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China breaks record: Officials face burnt of ‘laxity’ in Covid case

COVID-19, a resurgent disease wreaking havoc in China, has led to the firing of 70 officials in the past month for failing to control it. There has been an increase in Covid cases in China due to the more contagious Omicron variant.

Top leaders have warned officials that if they do not act swiftly, they will face strict action, reports South China Morning Post. At least 74 officials have been sacked or reprimanded for failing to perform their duties during the current wave, the paper reported. Health officials have acknowledged that most of the infections show little or no symptoms, making their detection difficult.

As of Tuesday, China reported over 4,700 new cases of the disease, most of which originated in the northeastern province of Jilin, where more than 9 million people have been placed under lockdown. The number of local symptomatic cases in Changchun, Jilin’s provincial capital, has increased for five days in a row and hit a record on March 21. Residents who have to travel outside the province or within the province must notify local police.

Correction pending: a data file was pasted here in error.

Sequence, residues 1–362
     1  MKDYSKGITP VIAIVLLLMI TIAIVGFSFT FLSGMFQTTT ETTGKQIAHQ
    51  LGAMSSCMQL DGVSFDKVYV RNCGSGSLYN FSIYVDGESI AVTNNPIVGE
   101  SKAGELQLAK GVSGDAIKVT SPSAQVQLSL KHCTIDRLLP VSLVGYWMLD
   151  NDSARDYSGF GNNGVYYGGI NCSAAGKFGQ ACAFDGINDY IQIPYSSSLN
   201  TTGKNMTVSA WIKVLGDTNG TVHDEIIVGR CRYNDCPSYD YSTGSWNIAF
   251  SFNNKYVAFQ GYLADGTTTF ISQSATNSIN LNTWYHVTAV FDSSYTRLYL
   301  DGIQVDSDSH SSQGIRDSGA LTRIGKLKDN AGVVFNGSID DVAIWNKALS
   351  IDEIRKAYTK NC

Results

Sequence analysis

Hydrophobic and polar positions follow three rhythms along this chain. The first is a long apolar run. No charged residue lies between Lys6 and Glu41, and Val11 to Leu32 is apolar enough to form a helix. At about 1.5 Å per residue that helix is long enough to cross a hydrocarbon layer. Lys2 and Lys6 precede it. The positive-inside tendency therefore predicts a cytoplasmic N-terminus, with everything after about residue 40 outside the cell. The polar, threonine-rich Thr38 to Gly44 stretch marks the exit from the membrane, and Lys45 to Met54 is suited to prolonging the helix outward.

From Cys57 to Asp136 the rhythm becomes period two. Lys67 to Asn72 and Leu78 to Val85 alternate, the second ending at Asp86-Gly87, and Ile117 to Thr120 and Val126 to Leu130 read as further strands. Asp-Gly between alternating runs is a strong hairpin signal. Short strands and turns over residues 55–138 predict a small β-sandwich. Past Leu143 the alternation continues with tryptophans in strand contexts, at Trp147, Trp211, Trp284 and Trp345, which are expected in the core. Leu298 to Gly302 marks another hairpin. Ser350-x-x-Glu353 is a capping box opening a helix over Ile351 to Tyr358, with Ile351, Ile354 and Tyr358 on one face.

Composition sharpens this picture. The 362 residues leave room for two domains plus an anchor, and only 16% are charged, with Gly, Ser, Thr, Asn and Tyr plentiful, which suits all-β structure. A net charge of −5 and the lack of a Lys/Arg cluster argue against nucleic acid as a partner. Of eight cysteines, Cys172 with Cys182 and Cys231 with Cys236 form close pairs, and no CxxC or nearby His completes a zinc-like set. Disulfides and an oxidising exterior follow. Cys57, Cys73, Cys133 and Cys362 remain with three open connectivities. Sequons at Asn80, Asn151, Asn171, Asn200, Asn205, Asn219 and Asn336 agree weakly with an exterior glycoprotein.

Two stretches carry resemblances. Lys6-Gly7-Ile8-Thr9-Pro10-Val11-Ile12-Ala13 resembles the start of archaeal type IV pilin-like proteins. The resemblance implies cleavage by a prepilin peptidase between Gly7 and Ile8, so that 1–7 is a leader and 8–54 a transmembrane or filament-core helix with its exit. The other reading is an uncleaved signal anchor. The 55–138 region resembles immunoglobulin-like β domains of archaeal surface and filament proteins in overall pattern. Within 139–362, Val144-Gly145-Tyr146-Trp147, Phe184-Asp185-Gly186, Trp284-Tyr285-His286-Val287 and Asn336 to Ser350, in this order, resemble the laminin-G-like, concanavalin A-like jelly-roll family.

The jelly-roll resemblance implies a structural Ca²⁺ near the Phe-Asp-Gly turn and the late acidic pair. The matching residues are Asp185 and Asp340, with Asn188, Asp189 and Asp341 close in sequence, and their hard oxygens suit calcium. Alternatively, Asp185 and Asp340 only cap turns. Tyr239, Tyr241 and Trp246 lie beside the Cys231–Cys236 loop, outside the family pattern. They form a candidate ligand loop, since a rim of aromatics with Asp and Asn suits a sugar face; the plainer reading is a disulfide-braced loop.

The number of new cases reached 47 on Tuesday as authorities in Shenyang, an industrial base home to factories such as BMW, put all housing compounds under ‘closed management’ and barred residents from leaving without a 48-hour negative test result. The daily number of reported asymptomatic domestically transmitted infections in Shanghai increased to 865 from 734 on Sunday, according to Reuters citing official data. Despite being a relatively small number compared to outbreaks overseas, the rise is significant as Shanghai redoubles its efforts to implement China’s ‘dynamic clearance’ policy to curb each flare-up.

More than 30 million tests have already been performed by the city’s block-by-block testing scheme. Shenzhen, the southern tech powerhouse, announced that it would lift its week-long lockdown ‘in an orderly fashion’ after easing measures on Friday to minimize the effects of virus outbreaks on factories and ports.


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